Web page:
The Norwegian Scientific Committee for Food Safety (VKM) has, at the request of the Norwegian Food Safety Authority (NFSA), assessed the risk associated with magnesium in food supplements. VKM has evaluated upper tolerable intake levels for magnesium and high and low intakes in the Norwegian population.
Pending establishment of common maximum limits in the EU, the NFSA is evaluating the national maximum limits for vitamins and minerals in food supplements. This risk assessment is the scientific basis for NFSA's evaluation of national limits for magnesium.
Magnesium salts in food supplements may cause osmotic diarrhoea which is the most frequently reported adverse effect. However, these effects are considered relatively mild. No tolerable upper intake level (UL) has been established for magnesium intake from food sources for the reason that no adverse effects have been recognised in healthy populations.
The tolerable upper intake level varies between countries. In 1997 the Institute of Medicine suggested that the upper intake level for magnesium in food supplements in adults to be 350 mg/day.
VKM found no results to support an alteration of this UL. VKM therefore suggests a UL of 350 mg magnesium in food supplements per day in adults which is in accordance with the UL suggested by (IOM, 1997). This UL will also cover the recommended intakes for the adult population.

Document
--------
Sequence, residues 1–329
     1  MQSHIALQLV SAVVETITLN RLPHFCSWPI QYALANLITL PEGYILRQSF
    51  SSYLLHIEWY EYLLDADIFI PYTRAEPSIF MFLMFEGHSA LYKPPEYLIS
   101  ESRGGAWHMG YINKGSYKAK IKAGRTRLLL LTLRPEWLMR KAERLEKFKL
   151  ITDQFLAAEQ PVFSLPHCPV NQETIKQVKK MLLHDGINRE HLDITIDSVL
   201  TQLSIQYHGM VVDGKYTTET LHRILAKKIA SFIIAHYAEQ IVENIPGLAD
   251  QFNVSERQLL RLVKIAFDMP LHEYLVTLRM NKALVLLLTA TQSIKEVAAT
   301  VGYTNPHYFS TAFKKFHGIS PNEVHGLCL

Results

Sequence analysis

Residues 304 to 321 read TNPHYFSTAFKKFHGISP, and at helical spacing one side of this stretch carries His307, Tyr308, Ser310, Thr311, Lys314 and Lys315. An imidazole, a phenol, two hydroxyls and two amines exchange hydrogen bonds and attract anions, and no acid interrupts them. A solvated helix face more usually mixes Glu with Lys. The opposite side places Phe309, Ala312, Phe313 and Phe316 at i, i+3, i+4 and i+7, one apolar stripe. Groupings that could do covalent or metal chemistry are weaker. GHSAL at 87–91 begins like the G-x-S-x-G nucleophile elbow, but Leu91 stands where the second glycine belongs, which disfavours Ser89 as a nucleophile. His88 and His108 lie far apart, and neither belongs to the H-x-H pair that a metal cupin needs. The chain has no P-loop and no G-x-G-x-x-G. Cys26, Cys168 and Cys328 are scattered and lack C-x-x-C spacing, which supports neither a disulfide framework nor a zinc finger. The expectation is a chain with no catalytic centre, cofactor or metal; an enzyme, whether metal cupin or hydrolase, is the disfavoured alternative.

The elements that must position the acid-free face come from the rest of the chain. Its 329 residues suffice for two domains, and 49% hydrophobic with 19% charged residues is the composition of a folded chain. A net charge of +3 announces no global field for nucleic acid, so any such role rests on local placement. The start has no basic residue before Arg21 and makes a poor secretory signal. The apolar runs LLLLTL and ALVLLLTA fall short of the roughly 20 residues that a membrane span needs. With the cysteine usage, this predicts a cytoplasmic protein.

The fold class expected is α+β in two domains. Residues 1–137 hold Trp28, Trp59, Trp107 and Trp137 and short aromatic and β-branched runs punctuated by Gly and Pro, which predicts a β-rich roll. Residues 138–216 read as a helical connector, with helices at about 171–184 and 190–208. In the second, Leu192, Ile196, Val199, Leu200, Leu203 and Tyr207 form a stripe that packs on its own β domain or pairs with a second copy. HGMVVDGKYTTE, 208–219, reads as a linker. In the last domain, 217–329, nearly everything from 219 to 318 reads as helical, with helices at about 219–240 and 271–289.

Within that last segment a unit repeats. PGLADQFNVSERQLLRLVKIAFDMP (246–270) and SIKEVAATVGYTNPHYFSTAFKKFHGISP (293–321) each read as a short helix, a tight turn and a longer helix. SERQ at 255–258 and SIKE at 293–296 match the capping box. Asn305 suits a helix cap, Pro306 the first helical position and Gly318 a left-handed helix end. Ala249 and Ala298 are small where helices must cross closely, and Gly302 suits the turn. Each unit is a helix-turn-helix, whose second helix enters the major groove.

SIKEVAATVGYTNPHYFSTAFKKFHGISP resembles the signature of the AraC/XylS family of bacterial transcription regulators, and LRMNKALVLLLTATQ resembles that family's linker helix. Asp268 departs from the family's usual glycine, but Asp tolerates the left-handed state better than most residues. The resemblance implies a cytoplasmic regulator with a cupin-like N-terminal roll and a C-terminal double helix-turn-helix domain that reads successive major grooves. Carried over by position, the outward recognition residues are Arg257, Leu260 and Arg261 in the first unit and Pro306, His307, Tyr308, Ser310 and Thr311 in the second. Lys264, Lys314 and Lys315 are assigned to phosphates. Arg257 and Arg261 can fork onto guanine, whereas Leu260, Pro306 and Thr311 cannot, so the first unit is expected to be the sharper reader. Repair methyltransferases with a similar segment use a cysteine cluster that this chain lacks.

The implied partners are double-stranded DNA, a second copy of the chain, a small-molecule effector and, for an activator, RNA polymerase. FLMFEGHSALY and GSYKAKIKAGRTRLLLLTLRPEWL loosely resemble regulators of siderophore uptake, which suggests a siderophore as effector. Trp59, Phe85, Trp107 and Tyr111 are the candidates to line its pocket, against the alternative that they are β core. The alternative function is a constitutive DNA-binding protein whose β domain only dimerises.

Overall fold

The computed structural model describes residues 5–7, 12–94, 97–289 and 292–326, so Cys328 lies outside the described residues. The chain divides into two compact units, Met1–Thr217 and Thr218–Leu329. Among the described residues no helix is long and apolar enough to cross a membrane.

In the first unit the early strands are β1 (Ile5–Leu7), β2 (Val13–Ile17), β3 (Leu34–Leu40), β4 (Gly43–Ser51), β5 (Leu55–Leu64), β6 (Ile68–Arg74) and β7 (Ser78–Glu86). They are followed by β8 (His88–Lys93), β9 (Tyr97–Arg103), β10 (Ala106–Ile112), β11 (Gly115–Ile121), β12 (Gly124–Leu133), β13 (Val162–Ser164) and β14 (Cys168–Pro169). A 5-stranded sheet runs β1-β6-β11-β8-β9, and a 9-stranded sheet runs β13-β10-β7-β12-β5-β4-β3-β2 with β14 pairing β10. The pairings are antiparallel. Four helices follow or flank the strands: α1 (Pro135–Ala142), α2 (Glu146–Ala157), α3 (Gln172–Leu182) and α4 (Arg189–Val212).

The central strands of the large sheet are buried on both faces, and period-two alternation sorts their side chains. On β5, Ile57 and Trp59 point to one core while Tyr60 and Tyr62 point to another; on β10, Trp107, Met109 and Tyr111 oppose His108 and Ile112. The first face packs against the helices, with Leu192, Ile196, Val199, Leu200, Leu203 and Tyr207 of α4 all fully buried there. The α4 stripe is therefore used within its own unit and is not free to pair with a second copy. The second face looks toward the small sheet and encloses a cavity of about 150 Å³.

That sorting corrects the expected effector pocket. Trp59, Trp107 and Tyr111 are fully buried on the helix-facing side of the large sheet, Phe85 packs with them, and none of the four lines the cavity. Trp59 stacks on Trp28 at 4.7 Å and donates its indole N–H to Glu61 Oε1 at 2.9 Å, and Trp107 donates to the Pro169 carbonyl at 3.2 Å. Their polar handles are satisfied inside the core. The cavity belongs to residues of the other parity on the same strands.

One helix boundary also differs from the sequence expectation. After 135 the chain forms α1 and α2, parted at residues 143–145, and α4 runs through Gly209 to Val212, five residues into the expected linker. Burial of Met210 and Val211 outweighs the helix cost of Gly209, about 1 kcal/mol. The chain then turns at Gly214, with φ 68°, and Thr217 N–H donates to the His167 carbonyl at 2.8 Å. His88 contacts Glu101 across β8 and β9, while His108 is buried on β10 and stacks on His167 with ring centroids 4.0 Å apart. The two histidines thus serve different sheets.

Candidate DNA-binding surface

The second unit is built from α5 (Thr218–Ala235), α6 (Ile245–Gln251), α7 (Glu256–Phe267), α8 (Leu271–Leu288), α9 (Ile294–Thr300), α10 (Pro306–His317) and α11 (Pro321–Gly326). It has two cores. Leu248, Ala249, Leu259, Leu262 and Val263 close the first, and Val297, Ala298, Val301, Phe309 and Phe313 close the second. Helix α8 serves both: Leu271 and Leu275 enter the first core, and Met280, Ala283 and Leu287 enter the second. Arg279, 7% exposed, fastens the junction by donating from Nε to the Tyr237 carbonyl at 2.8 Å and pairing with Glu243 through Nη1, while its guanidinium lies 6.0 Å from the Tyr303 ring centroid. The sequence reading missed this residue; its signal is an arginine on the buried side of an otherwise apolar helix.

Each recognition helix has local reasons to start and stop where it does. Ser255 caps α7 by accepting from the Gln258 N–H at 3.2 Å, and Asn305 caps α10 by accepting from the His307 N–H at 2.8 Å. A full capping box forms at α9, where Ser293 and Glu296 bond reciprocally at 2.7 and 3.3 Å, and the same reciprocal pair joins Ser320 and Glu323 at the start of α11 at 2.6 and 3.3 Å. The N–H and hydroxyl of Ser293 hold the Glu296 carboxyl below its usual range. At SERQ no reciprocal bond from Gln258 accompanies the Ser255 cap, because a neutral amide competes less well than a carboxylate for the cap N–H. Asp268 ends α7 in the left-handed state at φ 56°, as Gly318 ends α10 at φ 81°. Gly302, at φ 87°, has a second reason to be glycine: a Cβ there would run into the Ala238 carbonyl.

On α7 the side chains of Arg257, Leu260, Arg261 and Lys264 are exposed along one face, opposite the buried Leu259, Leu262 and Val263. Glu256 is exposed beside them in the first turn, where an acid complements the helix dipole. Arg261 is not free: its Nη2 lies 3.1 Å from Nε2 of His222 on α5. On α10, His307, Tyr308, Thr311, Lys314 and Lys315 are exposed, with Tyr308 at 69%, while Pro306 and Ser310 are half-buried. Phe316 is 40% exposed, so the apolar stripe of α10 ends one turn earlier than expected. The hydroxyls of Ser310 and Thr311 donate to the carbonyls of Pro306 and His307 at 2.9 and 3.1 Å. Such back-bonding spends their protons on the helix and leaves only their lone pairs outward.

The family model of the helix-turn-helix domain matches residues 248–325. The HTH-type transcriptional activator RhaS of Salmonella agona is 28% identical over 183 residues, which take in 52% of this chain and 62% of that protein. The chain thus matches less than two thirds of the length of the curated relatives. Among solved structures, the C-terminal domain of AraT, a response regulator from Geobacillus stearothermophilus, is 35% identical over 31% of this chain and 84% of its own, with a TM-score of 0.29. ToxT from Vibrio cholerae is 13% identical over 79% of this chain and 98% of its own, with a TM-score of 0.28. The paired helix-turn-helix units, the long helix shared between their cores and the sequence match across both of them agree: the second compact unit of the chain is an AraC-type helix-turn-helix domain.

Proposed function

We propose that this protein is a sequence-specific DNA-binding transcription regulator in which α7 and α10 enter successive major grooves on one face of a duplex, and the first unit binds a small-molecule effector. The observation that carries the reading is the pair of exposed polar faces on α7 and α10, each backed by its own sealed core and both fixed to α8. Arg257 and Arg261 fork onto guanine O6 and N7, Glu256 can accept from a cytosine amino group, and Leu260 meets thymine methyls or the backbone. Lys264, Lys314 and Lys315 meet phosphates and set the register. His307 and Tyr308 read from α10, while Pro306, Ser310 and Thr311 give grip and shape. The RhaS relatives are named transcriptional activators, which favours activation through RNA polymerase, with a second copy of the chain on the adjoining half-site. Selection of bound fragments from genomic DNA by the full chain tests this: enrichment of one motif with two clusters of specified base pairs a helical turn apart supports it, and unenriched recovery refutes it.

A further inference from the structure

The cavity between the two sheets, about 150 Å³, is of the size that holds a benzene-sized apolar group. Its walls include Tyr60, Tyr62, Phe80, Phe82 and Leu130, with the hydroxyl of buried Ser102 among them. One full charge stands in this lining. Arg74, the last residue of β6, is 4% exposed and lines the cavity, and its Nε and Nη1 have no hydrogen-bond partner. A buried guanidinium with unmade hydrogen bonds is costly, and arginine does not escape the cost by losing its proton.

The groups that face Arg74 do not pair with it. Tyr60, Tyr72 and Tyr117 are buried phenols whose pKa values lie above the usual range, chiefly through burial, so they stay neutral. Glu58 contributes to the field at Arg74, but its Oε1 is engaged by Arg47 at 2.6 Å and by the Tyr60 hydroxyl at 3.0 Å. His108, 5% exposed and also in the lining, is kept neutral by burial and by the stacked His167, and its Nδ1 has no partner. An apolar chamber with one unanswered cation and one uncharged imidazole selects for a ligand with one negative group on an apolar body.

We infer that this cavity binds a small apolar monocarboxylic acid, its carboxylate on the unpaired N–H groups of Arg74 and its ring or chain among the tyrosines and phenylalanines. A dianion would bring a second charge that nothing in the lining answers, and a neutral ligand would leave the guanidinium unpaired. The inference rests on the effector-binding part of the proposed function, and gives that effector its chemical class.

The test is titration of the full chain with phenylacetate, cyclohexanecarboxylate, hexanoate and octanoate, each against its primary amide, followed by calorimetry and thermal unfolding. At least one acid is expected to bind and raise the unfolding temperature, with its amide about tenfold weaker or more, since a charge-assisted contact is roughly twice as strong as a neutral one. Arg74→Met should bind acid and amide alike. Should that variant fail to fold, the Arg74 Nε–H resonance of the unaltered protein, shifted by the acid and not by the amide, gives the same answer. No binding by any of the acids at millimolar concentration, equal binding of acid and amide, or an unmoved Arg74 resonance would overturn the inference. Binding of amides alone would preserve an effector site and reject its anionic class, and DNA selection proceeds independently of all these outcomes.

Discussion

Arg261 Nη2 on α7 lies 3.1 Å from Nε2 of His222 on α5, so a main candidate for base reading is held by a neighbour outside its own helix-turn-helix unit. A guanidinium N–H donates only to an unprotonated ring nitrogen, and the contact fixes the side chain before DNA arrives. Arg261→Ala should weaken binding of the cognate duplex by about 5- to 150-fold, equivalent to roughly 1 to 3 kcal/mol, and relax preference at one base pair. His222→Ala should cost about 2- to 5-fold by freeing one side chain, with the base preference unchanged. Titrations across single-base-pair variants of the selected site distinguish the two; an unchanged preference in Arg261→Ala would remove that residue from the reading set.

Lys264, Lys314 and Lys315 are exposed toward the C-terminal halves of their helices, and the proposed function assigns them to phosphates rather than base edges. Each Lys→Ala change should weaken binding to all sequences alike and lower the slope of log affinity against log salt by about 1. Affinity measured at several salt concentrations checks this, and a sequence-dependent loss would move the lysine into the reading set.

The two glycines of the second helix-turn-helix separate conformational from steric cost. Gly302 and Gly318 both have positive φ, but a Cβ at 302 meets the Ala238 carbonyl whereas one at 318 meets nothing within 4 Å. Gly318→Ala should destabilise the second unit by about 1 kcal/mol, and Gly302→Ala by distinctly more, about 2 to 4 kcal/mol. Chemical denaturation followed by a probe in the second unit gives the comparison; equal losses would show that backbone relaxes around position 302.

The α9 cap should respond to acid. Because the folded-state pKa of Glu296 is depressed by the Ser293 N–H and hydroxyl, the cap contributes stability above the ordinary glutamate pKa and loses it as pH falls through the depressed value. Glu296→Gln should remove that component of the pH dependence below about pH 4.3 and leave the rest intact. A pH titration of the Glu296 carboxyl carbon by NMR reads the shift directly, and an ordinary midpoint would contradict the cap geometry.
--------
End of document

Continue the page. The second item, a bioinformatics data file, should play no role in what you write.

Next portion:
Children 1-3 years
Children 3-10 years
Children (10-<14 years)
Adolescents (14-<18 years)
Adults (≥18 years)
According to the habitual dietary intakes of magnesium estimated from nationwide dietary surveys in Norway, about 25 percent of adults have intakes of magnesium below the recommendations from food and supplements. Almost the same percentage was below the recommended intakes among 9-year-old children, while approximately 70 percent of 13-year-olds had an intake of magnesium below the recommendations.
It should be noted that the intakes have been estimated with use of different dietary survey methods for the different age categories and a comparison of estimates across age groups can be misleading and has a high degree of uncertainty.
The VKM Panel on Nutrition, Dietetic Products, Novel Food and Allergy has been responsible for the risk assessment.